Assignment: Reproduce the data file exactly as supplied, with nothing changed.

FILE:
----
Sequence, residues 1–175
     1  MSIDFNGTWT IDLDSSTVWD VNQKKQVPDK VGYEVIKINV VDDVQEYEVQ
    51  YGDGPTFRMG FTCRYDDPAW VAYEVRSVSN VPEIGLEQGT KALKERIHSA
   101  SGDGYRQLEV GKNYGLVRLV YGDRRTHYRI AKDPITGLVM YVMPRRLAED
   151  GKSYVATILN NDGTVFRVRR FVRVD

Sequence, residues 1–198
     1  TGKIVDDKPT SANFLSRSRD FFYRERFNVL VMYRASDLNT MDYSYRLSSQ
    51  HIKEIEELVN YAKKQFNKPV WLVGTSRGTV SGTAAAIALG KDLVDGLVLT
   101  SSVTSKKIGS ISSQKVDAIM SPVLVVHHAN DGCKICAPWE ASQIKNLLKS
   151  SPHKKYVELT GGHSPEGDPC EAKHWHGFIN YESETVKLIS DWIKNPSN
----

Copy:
Sequence, residues 1–175
     1  MSIDFNGTWT IDLDSSTVWD VNQKKQVPDK VGYEVIKINV VDDVQEYEVQ
    51  YGDGPTFRMG FTCRYDDPAW VAYEVRSVSN VPEIGLEQGT KALKERIHSA
   101  SGDGYRQLEV GKNYGLVRLV YGDRRTHYRI AKDPITGLVM YVMPRRLAED
   151  GKSYVATILN NDGTVFRVRR FVRVD

Sequence, residues 1–198
     1  TGKIVDDKPT SANFLSRSRD FFYRERFNVL VMYRASDLNT MDYSYRLSSQ
    51  HIKEIEELVN YAKKQFNKPV WLVGTSRGTV SGTAAAIALG KDLVDGLVLT
   101  SSVTSKKIGS ISSQKVDAIM SPVLVVHHAN DGCKICAPWE ASQIKNLLKS
   151  SPHKKYVELT GGHSPEGDPC EAKHWHGFIN YESETVKLIS DWIKNPSN